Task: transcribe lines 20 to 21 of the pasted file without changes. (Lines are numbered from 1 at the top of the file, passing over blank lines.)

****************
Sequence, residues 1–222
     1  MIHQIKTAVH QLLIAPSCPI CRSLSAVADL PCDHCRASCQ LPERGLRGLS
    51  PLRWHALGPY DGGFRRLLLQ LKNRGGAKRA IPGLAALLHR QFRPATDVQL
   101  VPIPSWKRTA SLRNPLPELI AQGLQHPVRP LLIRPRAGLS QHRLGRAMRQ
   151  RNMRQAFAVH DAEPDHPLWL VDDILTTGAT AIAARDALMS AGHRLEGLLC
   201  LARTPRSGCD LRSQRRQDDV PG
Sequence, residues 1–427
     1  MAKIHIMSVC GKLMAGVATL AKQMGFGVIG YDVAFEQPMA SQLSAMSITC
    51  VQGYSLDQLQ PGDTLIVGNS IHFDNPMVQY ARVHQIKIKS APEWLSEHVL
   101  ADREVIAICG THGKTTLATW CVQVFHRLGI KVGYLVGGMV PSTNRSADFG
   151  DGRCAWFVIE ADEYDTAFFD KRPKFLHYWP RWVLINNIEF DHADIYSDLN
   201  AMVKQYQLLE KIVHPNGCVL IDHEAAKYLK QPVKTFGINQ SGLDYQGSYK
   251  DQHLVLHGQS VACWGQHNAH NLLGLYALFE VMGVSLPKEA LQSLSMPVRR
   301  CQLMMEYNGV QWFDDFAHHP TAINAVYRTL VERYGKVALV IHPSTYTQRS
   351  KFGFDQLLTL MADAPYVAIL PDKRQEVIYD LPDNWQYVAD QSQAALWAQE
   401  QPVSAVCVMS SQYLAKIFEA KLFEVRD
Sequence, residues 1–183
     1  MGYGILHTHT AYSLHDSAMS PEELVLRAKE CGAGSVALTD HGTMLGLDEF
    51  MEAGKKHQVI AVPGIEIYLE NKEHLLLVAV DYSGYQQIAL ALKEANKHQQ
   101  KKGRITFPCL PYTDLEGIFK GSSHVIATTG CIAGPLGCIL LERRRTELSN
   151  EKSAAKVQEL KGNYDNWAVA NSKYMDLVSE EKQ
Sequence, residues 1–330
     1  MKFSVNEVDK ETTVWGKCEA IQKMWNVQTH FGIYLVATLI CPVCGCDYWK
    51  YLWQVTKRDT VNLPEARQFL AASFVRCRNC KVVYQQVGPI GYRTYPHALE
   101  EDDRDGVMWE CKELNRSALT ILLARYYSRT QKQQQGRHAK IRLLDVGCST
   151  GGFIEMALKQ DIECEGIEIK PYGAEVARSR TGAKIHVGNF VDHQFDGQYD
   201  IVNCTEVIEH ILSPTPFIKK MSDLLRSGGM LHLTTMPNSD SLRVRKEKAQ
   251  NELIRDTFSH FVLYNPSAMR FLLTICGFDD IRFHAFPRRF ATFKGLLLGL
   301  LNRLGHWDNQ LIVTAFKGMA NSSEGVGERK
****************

   101  KKGRITFPCL PYTDLEGIFK GSSHVIATTG CIAGPLGCIL LERRRTELSN
   151  EKSAAKVQEL KGNYDNWAVA NSKYMDLVSE EKQ